Typically, paid-for links are generated over a longer period of time, and these patterns (including link origin site analysis) are what the Minusinsk update (2015) was introduced to combat.
There are two ranking factors, both deprecated, named SpamKarma and Pessimization.
Pessimization refers to reducing PageRank to zero and aligns with the expectations of severe Yandex penalties.
SpamKarma also aligns with assumptions made around Yandex penalizing hosts and individuals, as well as individual domains.
There are a number of factors relating to advertising on the page, some of them deprecated (like the screenshot example below).
It’s not known from the description exactly what the thought process with this factor was, but it could be assumed that a high ratio of adverts to visible screen was a negative factor – much like how Google takes umbrage if adverts obfuscate the page’s main content, or are obtrusive.
Tying this back to known Yandex mechanisms, the Proxima update also took into consideration the ratio of useful and advertising content on a page.
Yandex and Google are disparate search engines, with a number of differences, despite the tens of engineers who have worked for both companies.
Because of this fight for talent, we can infer that some of these master builders and engineers will have built things in a similar fashion (though not direct copies), and applied learnings from previous iterations of their builds with their new employers.
Much like the Western world, SEO professionals in Russia have been having their say on the leak across the various Runet forums.
The reaction in these forums has been different to SEO Twitter and Mastodon, with a focus more on Yandex’s filters, and other Yandex products that are optimized as part of wider Yandex optimization campaigns.
It is also worth noting that a number of conclusions and findings from the data match what the Western SEO world is also finding.
Common themes in the Russian search forums:
Webmasters asking for insights into recent filters, such as Mimicry and the updated PF filter.
The age and relevance of some of the factors, due to author names no longer being at Yandex, and mentions of long-retired Yandex products.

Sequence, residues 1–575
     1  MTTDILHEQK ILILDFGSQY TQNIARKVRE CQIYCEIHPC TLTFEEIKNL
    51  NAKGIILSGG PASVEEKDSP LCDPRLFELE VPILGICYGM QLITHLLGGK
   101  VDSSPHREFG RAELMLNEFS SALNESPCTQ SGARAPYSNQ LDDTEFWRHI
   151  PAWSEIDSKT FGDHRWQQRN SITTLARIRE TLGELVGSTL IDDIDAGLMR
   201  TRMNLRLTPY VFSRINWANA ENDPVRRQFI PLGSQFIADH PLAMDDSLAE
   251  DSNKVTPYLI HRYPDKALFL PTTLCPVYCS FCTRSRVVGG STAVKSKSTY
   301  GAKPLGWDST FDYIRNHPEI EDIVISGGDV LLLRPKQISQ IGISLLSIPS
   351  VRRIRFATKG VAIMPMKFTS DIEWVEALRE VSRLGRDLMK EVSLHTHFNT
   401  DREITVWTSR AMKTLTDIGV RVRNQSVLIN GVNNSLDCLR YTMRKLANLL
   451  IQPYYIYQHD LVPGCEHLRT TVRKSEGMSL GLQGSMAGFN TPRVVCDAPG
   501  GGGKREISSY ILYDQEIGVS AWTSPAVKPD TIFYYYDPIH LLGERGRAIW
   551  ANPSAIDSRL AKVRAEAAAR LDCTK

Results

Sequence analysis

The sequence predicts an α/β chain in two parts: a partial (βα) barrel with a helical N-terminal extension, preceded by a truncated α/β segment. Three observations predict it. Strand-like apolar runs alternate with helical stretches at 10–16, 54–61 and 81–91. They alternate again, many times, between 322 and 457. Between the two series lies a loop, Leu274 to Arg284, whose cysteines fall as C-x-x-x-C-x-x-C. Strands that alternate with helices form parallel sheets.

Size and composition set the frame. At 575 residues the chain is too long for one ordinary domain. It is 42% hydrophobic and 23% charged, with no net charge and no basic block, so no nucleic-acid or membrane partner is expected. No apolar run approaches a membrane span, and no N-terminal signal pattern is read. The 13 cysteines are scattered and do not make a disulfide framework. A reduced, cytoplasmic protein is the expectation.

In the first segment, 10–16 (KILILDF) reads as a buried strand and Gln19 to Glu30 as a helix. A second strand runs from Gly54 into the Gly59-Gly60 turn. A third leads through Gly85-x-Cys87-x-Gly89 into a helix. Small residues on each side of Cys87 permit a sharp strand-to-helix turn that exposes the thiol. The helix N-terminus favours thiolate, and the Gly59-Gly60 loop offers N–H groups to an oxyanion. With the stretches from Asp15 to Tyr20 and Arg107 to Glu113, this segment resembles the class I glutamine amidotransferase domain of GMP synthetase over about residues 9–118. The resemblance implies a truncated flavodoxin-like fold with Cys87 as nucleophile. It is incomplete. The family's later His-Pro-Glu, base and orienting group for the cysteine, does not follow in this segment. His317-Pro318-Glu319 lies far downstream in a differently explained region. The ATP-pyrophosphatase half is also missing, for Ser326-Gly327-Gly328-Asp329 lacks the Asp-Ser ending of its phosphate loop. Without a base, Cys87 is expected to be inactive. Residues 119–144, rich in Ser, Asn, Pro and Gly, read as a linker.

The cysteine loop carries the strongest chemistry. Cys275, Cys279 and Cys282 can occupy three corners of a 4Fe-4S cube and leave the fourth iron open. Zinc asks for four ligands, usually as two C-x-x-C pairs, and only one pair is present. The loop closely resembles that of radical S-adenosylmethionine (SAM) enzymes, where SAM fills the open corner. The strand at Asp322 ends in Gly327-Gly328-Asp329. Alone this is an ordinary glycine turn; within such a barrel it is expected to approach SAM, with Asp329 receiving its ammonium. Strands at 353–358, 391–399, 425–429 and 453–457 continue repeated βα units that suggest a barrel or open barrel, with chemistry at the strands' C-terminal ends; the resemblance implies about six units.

The main interesting learnings are around the use of Metrika data, and information relating to the Crawler & Indexer.
A number of factors outline the usage of DSSM, which in theory was superseded by the release of Palekh in 2016. This was a search algorithm utilizing machine learning, announced by Yandex in 2016.
A debate around ICS scoring in Yandex, and whether or not Yandex may provide more traffic to a site and influence its own factors by doing so.
The leaked factors, particularly around how Yandex evaluates site quality, have also come under scrutiny.
There is a long-standing sentiment in the Russian SEO community that Yandex oftentimes favors its own products and services in search results ahead of other websites, and webmasters are asking questions like:
Why does it bother going to all this trouble, when it just nails its services to the top of the page anyway?
In loosely translated documents, these are referred to as the Sorcerers or Yandex Sorcerers. In Google, we’d call these search engine results pages (SERPs) features – like Google Hotels, etc.
In October 2022, Kassir (a Russian ticket portal) claimed ₽328m compensation from Yandex due to lost revenue, caused by the “discriminatory conditions” in which Yandex Sorcerers took the customer base away from the private company.
This is off the back of a 2020 class action in which multiple companies raised a case with the Federal Antimonopoly Service (FAS) for anticompetitive promotion of its own services.
Featured Image: FGC/Shutterstock